Once you have created a list job skills and requirements from the job posting and your own research of the company and the position, sit down and try to come up with stories to demonstrate each. Of course, certain things cannot really be demonstrated through a story (a high GPA, or a certain degree or academic specialty), but that information is already apparent to the interviewer from your resume. However, stories can be used in situations that at first might not be apparent. For example, instead of simply stating that you are proficient with a particular piece of software, you can tell the interviewer how you applied the software to accomplish a particular task.

Keep your stories short and to the point. An interview is not a creative writing class. There is no need to supply vivid descriptions or unrelated background information. In fact, many career advisors suggest that students keep their stories limited to one minute.

Final Advice

Take time to prepare for the interview. Never walk into an interview with the intention of "winging it" no matter how qualified you think you are for the position. If you are having trouble coming up with stories or examples for the interview, make sure you talk to friends, family members, coworkers, professors and career advisors. Often those around us can see skills and attributes that we do not.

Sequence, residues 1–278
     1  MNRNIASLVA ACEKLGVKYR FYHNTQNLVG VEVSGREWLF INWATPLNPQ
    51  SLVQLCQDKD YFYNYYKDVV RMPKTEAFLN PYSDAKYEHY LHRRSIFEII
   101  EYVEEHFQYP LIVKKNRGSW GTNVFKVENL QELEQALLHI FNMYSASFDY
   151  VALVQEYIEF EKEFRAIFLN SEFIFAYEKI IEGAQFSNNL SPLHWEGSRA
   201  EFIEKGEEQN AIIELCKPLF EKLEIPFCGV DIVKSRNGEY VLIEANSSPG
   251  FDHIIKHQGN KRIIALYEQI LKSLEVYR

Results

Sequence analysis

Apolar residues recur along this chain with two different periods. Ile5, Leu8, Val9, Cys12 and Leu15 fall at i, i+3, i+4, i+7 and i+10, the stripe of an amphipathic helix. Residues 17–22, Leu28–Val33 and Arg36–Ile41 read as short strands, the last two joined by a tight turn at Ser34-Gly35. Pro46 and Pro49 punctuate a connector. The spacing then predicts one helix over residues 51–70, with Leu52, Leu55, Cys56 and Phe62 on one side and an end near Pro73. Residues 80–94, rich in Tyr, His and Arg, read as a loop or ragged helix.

Students sometimes make the mistake of telling employers about job-related knowledge or experience that they don't have. While candor is an admirable trait, such frankness is out of place in a job interview. Employers don't want to know why you can't do the job, but why you can do it.

Employers want to hire people who are excited and proud of the work that they have done. They want to know that you will bring that same type of proficiency and enthusiasm to their company. "You have a responsibility during the interview-not to brag, but to give the employer the best picture you can of what they will get if they hire you," says Kemp. "It's your responsibility to make sure they get that information, whether or not they ask good questions."

Chris Enstrom is a career counselor at the Career Resource Center of Brown County in Nashville, Ind., and a former senior editor of Graduating Engineer & Computer Careers.